Broken Tooth – What now?
A guide to broken teeth
This may seem rather obvious, but a broken tooth or filling isn’t going to miraculously heal itself!
Ignoring it is only going to cause further problems and lead to more expensive and extensive treatments.
It’s quite common for a patient to present, only when the tooth starts hurting, which may be immediately or maybe 4 months down the track.
Pain is not a good symptom and suggests some form of treatment or diagnosis will need to be considered. In many circumstances, if left for too long, a tooth may not be saveable and require an extraction…so, pick up the phone and get it checked as soon as possible. It’s no good thinking, “If only I’d gone to the dentist sooner…” Life has a habit of distracting us with many other things!
Why choose Dr Workman to look after you?
Not only is Dr Workman a very good dentist, he has genuine caring nature and always makes sure you feel truly looked after. This is why he has such a loyal following of, families, young professionals right through to our older generation. With over 12 years experience, he is young, passionate, great at what he does and has an excellent aesthetic eye. If you would like a dental professional you can really trust, who places your health, happiness and comfort as an absolute priority, then you would be hard pushed to look any further. If you have typed ‘dentist near me’ then our state of the art Maroubra dental practice won’t be far away.
If I have a broken tooth, what should I do?
If coming to see us or another dentist is not possible right away, there are a few things you can do at home to help. These are however temporary fixes and booking a dental appointment is essential. If you are in pain with a tooth, we’ll always squeeze you in: if you aren’t experiencing pain, then it’s OK to wait for a more convenient time, and carry out the following procedures:
• Keep the tooth as clean as possible with brushing and flossing.
• Avoid chewing on the affected area and favour the other side..
• If the tooth is sensitive, get some Colgate pro-relief or Sensodyne and apply this to the area morning and night.
• Take painkillers such as paracetamol of ibuprofen if necessary (assuming it’s safe for you to do so)
• If the tooth or filling is sharp, cover it with a bit of chewing gum, or a little soft wax.
• If it has already caused an ulcer, treat this with bonjela, oro-base or Kenalog.
• Oil of cloves has a small analgesic effect and can sometimes help.
Why do I have a broken tooth?
Despite being the hardest part of your body and designed to withstand a lot of wear and tear, teeth are exposed to considerable attack- day in, day out – with chewing, eating, drinking, clenching, grinding, brushing, extremes of hot and cold and all sorts of other things.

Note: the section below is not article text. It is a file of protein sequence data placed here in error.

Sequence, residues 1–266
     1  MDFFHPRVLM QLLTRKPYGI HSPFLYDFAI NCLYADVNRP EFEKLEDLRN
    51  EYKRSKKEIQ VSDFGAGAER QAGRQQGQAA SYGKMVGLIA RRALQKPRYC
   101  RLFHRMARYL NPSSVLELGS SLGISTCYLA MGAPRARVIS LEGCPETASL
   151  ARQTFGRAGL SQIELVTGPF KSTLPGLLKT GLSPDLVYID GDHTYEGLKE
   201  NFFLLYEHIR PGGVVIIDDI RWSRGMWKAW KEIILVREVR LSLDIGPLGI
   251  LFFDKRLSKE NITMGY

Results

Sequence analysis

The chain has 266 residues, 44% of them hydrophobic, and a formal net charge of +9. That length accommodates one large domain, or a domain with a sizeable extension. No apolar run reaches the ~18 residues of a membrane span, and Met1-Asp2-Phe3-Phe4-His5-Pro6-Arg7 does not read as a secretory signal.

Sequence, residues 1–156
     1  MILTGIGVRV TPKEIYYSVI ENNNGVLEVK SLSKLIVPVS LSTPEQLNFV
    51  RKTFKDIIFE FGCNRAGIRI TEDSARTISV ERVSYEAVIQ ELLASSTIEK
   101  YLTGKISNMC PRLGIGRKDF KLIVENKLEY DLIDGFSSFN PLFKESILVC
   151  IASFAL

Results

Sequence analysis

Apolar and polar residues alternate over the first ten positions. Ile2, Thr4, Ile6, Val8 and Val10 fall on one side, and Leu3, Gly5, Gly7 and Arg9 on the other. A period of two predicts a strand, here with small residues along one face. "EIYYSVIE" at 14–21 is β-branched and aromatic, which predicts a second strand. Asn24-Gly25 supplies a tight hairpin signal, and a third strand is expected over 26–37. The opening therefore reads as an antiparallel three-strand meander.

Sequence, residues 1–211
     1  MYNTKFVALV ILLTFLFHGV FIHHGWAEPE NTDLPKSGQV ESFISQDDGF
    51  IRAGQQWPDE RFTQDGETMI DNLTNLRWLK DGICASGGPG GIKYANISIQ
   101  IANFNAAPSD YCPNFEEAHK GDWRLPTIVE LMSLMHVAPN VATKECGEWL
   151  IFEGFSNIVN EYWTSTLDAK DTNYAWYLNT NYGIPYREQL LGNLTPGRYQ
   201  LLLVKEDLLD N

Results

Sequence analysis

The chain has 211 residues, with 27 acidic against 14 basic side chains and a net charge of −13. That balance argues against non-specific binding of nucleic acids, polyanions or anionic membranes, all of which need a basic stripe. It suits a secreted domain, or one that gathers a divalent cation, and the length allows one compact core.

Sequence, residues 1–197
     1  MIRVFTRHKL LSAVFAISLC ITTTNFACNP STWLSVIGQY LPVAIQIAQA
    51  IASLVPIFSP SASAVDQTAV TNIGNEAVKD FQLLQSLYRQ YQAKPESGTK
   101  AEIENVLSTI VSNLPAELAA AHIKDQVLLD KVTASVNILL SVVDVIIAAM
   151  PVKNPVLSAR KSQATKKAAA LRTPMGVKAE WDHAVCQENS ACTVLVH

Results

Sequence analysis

Natural, virgin teeth are less likely to break, but we have seen heavy grinders split teeth clean in half and require an extraction. As a general rule, the more work you have had done on your teeth- fillings, restorations etc. the more likely a chip, fracture or broken tooth is to occur.
Similarly, the more pressure you put on the teeth, the more likely they are to break; this might be grinding at night, clenching or simply because you have had some teeth taken out and the remaining teeth are absorbing more pressure than they would normally expect.
You can also break a front tooth or filling if you get a knock or bash to the face. Whilst this sometimes is unavoidable like a fall or a slip, if you are involved in activities that are high risk, such as contact sports, then getting a properly fitted professional dentist mouthguard is essential.
If you have decay in a tooth, there will come a point at which the hole gets so large that the tooth caves in. Fluoride does a great job of re-surfacing and hardening the enamel, but it also masks the decay that can occur underneath; hence the importance of x-rays to pick this problem up early.
Once a portion of the tooth collapses, the decay will be significant and the very large hole it leaves may require a root canal.
Classic stories regarding tooth breakage include: biting on olive stones, popcorn kernels, nuts, bones in chicken, and seeds in bread. Strangely however, it’s sometimes something quite soft- in which case- it was inevitable that it was going to happen.
A broken tooth can take the form of a cavity, a fractured cusp, a cracked tooth, a split tooth, or a broken filling.
A cracked tooth is often painful to hard foods, because the pressure of biting causes the two sides to skew, setting off the nerve inside. Softer foods tend not to do this.
Whilst sometimes tricky to diagnose, as cracks don’t show on x- rays, it is important to see a dentist if you suffer from these symptoms…eventually a piece of the tooth or filling (or both) will come away and the pain from biting will stop. Unfortunately, if the crack continues to propagate through the tooth it may involve the nerve, or continue under the gum. Treatment will simply get more time-consuming and more expensive…a root canal may be needed where the prognosis is very poor, repairing it effectively may not be possible and the tooth will then need to be removed.